In addition, the same genes will be studied in transgenic animal models (i.e. mouse), integrating behavioural studies and analyses of neuronal activity. The different models, in human cells and in vivo in the mouse, will enable determining specific links between selective genetic pathways and development of the neural circuits underlying higher brain functions.

Research on neurodegenerative diseases: developing human cellular models of brain diseases and testing brain repair using pluripotent stem cell technology


Most neurodegenerative diseases remain without a cure, but most importantly at this stage, they also remain without enough insight on the exact causal mechanisms involved. One of the main issues in research on the mechanisms of neural aging and neurodegeneration is that they are poorly recapitulated by animal models: for instance some of the primary neuronal lesions present in the brain of human patients with Alzheimer’s disease, cannot be modelled properly in mouse transgenic models.

In this context, the models of in vitro neuronal generation from human pluripotent stem cells may offer entirely new prospects to create human models relevant to study basic disease mechanisms. Following model development, the research will be taken steps further by ULB teams specifically interested in physiopathology of neurodegenerative mechanisms.

On the other hand, stem cell technology will also be used to test and develop innovative approaches towards brain repair, by grafting cortical-like neural cells generated in vitro from pluripotent stem cells, into animal models of brain lesions. Analyses in neurophysiology, behaviour and functional neuroimaging will then determine the relationship between cellular / molecular levels and higher levels of brain function, in order to accurately assess the relevance of newly proposed approaches to the patient’s benefit.

In addition, the functional impact of brain repair will be studied further with new multidisciplinary technologies, which essentially aim to study “global” brain function and circuitry, but at the reductionist, microscopic level of neuronal cells and genes.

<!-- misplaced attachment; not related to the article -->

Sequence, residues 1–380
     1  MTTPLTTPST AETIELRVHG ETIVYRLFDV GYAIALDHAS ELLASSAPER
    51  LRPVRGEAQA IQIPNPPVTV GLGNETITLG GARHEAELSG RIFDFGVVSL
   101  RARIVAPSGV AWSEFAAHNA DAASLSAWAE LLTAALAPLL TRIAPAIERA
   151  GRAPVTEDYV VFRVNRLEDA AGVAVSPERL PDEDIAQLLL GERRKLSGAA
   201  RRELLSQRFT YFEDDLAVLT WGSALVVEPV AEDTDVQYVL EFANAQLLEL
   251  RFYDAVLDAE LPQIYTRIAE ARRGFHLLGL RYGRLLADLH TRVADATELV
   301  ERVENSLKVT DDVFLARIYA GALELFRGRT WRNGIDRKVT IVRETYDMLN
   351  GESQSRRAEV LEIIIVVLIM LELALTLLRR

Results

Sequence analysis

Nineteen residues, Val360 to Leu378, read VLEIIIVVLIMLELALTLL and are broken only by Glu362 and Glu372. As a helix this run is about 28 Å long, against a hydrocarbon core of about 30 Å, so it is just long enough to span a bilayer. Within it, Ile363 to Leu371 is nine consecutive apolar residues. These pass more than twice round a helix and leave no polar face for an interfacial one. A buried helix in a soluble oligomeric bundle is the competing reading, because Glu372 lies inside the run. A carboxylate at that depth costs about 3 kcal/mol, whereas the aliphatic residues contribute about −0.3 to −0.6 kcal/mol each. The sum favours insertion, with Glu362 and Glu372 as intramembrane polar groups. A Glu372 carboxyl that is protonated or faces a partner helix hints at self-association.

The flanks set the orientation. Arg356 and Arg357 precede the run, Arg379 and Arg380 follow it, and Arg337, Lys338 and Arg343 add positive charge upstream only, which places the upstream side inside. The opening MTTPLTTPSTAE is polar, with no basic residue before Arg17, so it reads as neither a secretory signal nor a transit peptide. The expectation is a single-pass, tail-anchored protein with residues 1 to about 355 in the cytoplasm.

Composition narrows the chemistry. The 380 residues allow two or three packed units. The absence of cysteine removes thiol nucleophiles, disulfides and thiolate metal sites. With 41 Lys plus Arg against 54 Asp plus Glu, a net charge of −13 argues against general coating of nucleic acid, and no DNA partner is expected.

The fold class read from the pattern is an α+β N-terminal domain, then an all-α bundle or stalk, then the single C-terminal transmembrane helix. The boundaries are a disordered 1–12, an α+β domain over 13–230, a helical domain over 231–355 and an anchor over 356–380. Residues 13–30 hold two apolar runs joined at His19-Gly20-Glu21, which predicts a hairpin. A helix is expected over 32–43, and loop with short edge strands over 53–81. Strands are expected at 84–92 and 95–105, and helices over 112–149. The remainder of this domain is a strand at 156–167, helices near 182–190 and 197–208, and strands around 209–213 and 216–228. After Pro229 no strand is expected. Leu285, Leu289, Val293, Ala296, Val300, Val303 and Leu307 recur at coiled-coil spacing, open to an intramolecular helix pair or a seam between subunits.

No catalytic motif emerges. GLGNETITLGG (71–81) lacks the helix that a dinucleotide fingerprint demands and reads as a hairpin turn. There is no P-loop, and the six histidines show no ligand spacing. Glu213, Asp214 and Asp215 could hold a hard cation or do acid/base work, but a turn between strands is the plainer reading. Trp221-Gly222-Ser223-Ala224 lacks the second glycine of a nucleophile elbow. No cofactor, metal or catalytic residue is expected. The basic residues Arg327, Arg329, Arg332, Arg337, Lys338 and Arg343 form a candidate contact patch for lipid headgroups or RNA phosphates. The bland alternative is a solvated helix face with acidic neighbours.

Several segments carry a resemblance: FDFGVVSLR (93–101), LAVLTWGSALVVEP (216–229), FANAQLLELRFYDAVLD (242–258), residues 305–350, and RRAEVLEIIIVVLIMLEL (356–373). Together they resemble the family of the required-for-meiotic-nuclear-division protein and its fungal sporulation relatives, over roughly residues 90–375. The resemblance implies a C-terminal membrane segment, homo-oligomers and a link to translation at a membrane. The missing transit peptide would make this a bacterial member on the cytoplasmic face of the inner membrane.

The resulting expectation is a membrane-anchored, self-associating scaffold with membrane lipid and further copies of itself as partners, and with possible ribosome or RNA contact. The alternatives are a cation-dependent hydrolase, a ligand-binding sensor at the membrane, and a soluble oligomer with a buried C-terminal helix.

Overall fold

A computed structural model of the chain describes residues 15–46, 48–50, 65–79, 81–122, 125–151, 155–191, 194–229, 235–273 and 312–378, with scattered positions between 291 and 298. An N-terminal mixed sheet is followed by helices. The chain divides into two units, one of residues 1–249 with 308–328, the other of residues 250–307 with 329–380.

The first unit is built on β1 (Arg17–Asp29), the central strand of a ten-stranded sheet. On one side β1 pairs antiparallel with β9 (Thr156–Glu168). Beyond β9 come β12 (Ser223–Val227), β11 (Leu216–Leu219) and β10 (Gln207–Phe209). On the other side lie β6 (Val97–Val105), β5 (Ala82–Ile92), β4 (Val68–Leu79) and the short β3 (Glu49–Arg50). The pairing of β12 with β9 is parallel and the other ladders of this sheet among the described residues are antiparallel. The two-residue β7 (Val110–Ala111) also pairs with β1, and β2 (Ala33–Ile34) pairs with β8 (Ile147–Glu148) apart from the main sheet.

To discover the many ULB laboratories involved in the ULB Neuroscience Institute


La fiche du projet disponible en PDF ici.

Selected publications:

Pyramidal neurons derived from human pluripotent stem cells integrate efficiently into mouse brain circuits in vivoEspuny-Camacho I, Michelsen K, Gall D, Linaro D, Hasche A, Bonnefont J, Bali C, Orduz D, Bilheu A, Herpoel A, Lambert N, Gaspard N, Peron S, Schiffmann S, Giugliano M, Gaillard A, Vanderhaeghen PNEURON, 77, 440-56, 2013
Ephrin-B1 controls the columnar distribution of cortical pyramidal neurons by restricting their tangential migrationDimidschstein J, Passante L, Dufour A, Van Den Ameele J, Tiberi L, Hrechdakian T, Adams r, Klein R, Lie D, Jossin Y, Vanderhaeghen PNEURON, 79, 1123-35, 2013
BCL6 controls neurogenesis through Sirt1-dependent epigenetic repression of selective Notch targetsTiberi L, Van Den Ameele J, Dimidschstein J, Piccirilli J, Gall D, Herpoel A, Bilheu A, Bonnefont J, Iacovino M, Kyba M, Bouschet T, Vanderhaeghen PNATURE NEUROSCIENCE, 15, 1627-35, 2012
An intrinsic mechanism of corticogenesis from embryonic stem cellsGaspard N, Bouschet T, Hourez R, Dimidschstein J, Naeije G, Van Den Ameele J, Espuny-Camacho I, Herpoel A, Passante L, Schiffmann S, Gaillard A, Vanderhaeghen PNATURE, 455, 351-7, 2008
Ephrin signalling controls brain size by regulating apoptosis of neural progenitorsDepaepe V, Suarez-Gonzalez N, Dufour A, Passante L, Gorski J, Jones K, Ledent C, Vanderhaeghen PNATURE, 435, 1244-50, 2005